Stephen A. Fuqua (saf)

a Bahá'í, software engineer, and nature lover in Austin, Texas, USA

Autumn Birds in the Backyard Habitat

The Yellow-rumped Warblers and Dark-eyed Juncos have been back and enjoying our back yard for several weeks now. This year, the warblers have decided to trust our bird bath - we’ve frequently seen them drinking and bathing over the past several weeks. While the Blue Jays have still been coming round, and we’ve had several sightings of Orange-crowned Warbler and Ruby-Crowned Kinglet this fall, I hadn’t seen a Bewick’s Wren in quite some time. Thus I was delighted to see this guy a few days ago. The light isn’t very good, and the window is a bit dirty, but the ID is clear.

Bewick's Wren in crapemyrtle
Bewick’s Wren foraging in a crapemyrtle

All of these birds are coming around because we’ve provided habitat for them: water, food, shelter. While native plants provide the most diverse and beneficial habitats, some non-natives can also play a meaningful role in our backyard habitats. For a few years I dismissed the non-native crapemyrtle as showy but useless. That is, until I saw Gold Finches eating their seeds in the front yard last year.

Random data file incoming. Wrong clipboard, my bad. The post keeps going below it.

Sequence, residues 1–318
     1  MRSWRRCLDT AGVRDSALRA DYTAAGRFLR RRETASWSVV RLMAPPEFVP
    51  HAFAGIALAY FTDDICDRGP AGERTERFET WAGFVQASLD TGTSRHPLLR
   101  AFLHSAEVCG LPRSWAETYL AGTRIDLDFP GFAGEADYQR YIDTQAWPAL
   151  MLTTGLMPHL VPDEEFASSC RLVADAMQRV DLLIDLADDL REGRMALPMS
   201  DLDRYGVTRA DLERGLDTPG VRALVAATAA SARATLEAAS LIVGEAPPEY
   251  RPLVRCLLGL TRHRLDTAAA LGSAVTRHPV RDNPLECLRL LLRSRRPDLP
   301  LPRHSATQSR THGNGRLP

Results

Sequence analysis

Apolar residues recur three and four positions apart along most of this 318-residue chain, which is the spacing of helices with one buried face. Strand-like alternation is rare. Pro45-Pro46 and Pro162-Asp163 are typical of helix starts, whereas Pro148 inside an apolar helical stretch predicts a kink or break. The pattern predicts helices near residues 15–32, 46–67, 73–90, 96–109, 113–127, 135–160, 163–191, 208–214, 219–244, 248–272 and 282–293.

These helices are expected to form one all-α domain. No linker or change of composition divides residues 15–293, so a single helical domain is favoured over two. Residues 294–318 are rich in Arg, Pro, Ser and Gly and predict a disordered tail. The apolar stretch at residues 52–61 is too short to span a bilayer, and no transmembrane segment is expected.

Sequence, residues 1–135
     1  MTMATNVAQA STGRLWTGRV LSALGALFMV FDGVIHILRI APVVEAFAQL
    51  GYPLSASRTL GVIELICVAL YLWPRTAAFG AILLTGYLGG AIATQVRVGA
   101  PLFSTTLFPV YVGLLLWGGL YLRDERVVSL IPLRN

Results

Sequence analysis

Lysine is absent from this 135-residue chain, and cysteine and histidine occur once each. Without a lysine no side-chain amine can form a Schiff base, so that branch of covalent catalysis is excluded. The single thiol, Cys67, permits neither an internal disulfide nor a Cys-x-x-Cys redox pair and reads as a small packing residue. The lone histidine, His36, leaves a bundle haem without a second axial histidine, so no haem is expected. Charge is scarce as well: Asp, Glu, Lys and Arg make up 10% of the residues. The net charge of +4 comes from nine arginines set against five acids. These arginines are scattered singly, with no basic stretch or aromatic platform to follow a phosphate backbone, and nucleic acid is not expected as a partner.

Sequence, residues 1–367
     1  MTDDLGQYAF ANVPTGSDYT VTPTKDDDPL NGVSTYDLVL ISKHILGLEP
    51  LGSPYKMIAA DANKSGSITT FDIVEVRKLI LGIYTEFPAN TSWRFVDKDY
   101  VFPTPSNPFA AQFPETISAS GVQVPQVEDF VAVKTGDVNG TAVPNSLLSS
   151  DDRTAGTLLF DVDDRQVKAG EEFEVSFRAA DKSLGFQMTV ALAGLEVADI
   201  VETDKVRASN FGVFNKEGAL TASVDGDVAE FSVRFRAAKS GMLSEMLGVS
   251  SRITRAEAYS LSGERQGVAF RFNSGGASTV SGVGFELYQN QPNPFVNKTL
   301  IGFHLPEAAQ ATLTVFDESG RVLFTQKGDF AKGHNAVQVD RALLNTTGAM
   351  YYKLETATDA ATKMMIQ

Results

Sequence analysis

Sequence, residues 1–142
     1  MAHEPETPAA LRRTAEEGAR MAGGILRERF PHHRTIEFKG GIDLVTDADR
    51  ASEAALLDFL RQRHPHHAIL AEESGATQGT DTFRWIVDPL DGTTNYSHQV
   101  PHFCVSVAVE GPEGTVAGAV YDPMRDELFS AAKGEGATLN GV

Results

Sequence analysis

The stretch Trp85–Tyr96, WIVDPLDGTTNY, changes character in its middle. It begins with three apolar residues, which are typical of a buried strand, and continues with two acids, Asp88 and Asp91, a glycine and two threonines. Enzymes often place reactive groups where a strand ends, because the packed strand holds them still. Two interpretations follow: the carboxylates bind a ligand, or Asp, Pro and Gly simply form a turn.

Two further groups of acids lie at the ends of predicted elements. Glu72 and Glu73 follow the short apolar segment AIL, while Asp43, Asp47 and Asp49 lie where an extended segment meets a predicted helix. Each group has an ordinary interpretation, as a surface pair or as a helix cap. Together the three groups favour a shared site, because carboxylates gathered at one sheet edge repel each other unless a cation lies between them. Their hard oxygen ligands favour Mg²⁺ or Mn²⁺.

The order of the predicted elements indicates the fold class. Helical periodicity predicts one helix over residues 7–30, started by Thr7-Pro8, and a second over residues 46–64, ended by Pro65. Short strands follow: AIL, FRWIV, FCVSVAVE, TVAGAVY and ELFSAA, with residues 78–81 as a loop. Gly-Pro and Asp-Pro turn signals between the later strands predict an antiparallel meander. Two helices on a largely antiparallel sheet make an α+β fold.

In this photo, notice that clump of leaves next to the bird. You can kind of tell that there are webs there. Many people would find the web unsightly. But to a Bewick’s Wren (and many others), it is buffet full of delectable spiders, caterpillars, and other protein-filled bugs. This little guy was hopping from clump to clump, pulling tasty morsels from their depths. I love seeing and hearing the Bewick’s Wren and Ruby-crowned Kinglets, who also frequently dine on crapemyrtle pests, so for me those little clumps of web and leaf are no less attractive than any store-bought feeder.

photo of a Dark-eyed Junco
Dark-eyed Junco on the patio

photo of a Yellow-rumped Warbler bathing
Yellow-rumped Warbler Bathing

Posted with : Nature, Sustainability, Environment, Wildlife, Life Lived Living, Birds